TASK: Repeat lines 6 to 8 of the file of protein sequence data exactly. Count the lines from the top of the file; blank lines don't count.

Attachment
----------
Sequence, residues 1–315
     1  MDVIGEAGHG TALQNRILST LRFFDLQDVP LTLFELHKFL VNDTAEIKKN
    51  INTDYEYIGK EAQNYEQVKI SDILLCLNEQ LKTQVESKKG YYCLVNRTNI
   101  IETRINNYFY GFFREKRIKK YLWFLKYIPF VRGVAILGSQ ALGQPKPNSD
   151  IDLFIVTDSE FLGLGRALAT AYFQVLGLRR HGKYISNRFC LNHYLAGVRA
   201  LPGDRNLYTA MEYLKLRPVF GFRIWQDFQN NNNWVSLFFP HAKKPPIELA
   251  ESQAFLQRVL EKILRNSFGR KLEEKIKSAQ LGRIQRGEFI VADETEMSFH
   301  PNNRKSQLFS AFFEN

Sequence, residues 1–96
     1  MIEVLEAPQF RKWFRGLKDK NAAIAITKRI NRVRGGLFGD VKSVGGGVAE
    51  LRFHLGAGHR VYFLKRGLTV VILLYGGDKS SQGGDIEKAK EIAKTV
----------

   201  LPGDRNLYTA MEYLKLRPVF GFRIWQDFQN NNNWVSLFFP HAKKPPIELA
   251  ESQAFLQRVL EKILRNSFGR KLEEKIKSAQ LGRIQRGEFI VADETEMSFH
   301  PNNRKSQLFS AFFEN